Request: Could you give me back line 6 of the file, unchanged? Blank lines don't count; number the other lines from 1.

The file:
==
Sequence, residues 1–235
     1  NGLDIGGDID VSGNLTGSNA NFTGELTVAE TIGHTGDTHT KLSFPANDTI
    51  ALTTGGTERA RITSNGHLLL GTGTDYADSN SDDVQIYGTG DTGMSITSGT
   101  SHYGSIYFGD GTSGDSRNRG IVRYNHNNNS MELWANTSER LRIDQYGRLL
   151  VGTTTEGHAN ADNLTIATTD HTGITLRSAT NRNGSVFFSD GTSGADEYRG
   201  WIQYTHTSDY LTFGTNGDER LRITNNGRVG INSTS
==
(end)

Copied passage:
   201  WIQYTHTSDY LTFGTNGDER LRITNNGRVG INSTS